Offering frequent news and analysis from the majestic Evergreen State and beyond, The Cascadia Advocate is the Northwest Progressive Institute's unconventional perspective on world, national, and local politics.

Tuesday, September 13, 2005

I-912 is bad for traffic safety

Yesterday, I noticed a story in the Skagit Valley Herald entitled, "Injured parents lost son in crash" and forwarded the story on to David Goldstein of, who I was sure would pick up on the story and its importance. He didn't disappoint me.

The story, essentially, is this: Last Friday there was a three-car collision on Interstate 5 near Highway 534 that killed 2 people (including a 10 year old child) and seriously injured several others. A vehicle traveling southbound collided into another also going south, then that same vehicle caromed across the median and hit a car going northbound.

The second collision was entirely preventable - and a project that would install a cable barrier in the median to prevent such collisions is being funded by the new 2005 transportation package that anti-tax zealots like Wilbur and Carlson want repealed.

Anyway, here's part of what David said:
The projects in the transportation bill that I-912 would kill were prioritized by safety, and the cable barrier along this stretch of I-5 is just one of hundreds of similar safety improvement projects scattered throughout the state. If we repeal the gas tax, and these projects are delayed or canceled, people will die. The crash data tells us that, and this tragic accident bears out the data’s predictions. That is a fact.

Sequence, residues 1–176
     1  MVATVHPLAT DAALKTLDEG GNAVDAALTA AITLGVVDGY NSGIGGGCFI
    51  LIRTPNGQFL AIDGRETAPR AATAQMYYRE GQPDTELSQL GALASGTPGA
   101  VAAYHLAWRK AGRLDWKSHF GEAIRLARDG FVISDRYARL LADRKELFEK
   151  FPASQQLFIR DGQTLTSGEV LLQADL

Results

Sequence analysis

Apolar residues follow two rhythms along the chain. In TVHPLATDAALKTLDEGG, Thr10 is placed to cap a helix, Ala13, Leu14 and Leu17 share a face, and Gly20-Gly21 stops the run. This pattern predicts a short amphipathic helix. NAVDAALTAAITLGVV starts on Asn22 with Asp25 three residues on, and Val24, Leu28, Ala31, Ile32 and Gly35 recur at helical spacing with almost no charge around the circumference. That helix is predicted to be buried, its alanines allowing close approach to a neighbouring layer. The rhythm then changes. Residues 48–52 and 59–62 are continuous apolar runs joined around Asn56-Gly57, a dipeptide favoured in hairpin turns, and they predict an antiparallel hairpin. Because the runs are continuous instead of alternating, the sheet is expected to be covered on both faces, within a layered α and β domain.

I-912’s backers claim that the transportation bill doesn’t do enough to solve congestion… that is doesn’t pour enough new concrete. But I believe that if most voters understood what the gas tax increase actually pays for, they’d agree that it’s the transportation package that has its priorities straight, not Kirby and John and the rest of the message senders, who ask voters to sacrifice desperately needed maintenance and improvements for the sake of sticking it to Gov. Gregoire and the Democrat controlled Legislature.

The former-residents of New Orleans – now refugees from our nation’s worst man-made disaster – have learned the cost in lives and dollars of failing to adequately invest in public infrastructure; surely, had the levees been higher and stronger, the surrounding wetlands restored, and the barrier islands rebuilt, then the cataclysmic flooding could have been avoided. If we choose to ignore this lesson, perhaps the Big One won’t strike… perhaps the 520 bridge won’t sink into the lake, nor the Alaska Way Viaduct topple over onto the waterfront and its aging seawall, causing hundreds of deaths and tens of billions of dollars in damage.


If the public understands exactly what the gas tax pays for, and how the transportation package was expressly prioritized to save lives, then I believe that I-912 will fail.


Levi Pulkkinen and Marta Murvosh of the the Skagit Valley Herald should be commended for doing the kind of journalism often missing from some of our more prestigious newspapers… for digging into the details and reporting Friday’s fatal accident not just as a human tragedy, but as the predictable consequence of how we choose to spend our transportation dollars.
Well said. The challenge is on to show voters what the real stakes are.

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